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What is Object-Oriented Programming

We start with our Object-Oriented Programming Course, with this first introduction in which we will see what it is, where it comes from, and what its purpose is.

Object-Oriented Programming (OOP) is a programming paradigm based on the concept of “objects”, which are entities that encapsulate data and behaviors, and the relationships between them.


The four pillars of OOP

Object-Oriented Programming seeks to achieve:

  • Modularity: Allows the division of a system into independent components that can be developed, tested, and maintained separately.
  • Reuse: Facilitates code reuse through class inheritance and composition.
  • Flexibility: Allows the software to be adapted to changes in requirements or the execution environment more easily.
  • Scalability: Enables scaling the software by adding new objects and classes as needed, without affecting the existing structure.

Without too much fear, we can say that it is the programming paradigm that has had the most influence in the last 50 years.

But before we start talking about classes, inheritance, and interfaces like crazy, let’s begin by looking at where it comes from, and why it is so important.

Basic programming knowledge is assumed. If this is not the case, I recommend that you take a look at our Introduction to Programming Course

Where does object-oriented programming come from?

Let’s go back 50 years. At that time, computers were in their infancy 🐣, and neither the tools nor the program needs were what they are today.

In a way, “everything was to be done”. But what was clear at that time is that it was convenient to group data in containers, or structures. For example, if you had a person, it was logical to have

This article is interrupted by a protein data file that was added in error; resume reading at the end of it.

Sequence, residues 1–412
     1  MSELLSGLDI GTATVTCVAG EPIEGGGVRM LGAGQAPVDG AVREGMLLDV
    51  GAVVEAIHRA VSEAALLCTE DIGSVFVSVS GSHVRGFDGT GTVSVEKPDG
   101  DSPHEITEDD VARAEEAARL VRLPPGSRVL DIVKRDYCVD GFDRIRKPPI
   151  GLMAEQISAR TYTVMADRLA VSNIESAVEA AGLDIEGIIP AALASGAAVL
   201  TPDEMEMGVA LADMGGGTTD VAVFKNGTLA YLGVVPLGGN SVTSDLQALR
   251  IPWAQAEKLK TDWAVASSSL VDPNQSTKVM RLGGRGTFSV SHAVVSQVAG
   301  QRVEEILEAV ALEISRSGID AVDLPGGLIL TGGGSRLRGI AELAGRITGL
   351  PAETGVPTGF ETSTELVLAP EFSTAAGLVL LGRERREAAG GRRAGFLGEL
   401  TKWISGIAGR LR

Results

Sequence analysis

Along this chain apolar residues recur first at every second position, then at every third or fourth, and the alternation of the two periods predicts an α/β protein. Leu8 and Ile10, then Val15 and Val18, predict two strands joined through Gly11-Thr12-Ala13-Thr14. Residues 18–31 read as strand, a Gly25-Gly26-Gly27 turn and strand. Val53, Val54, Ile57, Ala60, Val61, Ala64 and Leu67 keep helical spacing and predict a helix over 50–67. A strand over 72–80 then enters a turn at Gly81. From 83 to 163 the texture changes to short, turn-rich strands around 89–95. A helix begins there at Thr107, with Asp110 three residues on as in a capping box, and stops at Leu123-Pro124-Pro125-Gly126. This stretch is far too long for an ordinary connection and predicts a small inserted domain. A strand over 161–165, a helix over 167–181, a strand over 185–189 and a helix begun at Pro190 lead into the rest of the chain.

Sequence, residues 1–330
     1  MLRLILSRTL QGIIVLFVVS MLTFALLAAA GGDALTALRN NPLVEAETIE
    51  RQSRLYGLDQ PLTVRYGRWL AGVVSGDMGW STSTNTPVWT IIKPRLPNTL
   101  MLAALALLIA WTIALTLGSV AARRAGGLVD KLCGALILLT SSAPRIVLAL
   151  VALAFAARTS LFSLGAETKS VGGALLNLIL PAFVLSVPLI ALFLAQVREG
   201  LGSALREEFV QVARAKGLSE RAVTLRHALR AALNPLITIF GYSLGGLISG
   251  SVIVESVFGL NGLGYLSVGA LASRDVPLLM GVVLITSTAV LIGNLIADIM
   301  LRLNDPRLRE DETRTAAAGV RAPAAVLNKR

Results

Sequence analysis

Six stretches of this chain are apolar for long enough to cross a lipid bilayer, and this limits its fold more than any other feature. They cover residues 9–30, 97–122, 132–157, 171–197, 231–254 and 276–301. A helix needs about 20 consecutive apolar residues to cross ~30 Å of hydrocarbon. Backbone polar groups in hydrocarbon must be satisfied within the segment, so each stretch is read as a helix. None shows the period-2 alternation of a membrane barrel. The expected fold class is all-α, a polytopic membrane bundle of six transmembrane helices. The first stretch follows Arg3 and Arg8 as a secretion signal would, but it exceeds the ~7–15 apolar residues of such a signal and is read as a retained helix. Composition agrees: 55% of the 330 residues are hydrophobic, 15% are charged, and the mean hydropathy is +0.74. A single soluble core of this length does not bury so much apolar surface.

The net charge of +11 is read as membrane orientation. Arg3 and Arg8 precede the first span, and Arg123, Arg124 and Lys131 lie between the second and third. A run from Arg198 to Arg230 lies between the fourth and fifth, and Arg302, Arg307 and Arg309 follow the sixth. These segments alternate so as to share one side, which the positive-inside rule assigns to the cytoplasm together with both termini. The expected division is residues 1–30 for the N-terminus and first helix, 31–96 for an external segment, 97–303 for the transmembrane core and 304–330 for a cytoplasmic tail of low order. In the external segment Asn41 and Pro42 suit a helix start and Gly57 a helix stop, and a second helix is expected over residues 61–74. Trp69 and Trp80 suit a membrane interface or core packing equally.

Person {
	string Name;
	string Surname;
	DateTime Birthdate;

This grouping was convenient so that we could work with a Person together. Otherwise, you ran the risk of mixing the Name of one person with the Birthdate of another.

Furthermore, these groups could be composed. In other words, one of your groups could contain other groups within it. For example, imagine you wanted to create a program that draws geometric shapes.

Point2D {
 int x;
 int y;

Shape {
	Point2D Position; // composition with Point2D
	int Rotation;
	int Width;
	int Height;

Where Shape uses Point2D as a position. So far so good. We have our data containers, very pretty and very practical.

Now you could use your shape, and use it to create Squares, Rectangles, Equilateral Triangles, and Circles. You simply used your Shape container, and filled in the data as needed.

The problem arises when, in addition to data, behavior needs to be added. Imagine that we want to add a function that calculates the area. It makes sense for a shape to know how to calculate its area, because it is an internal aspect of the shape, not dependent on anyone else.

At those times, the natural tendency to solve this was to use function references as members of your group. For example,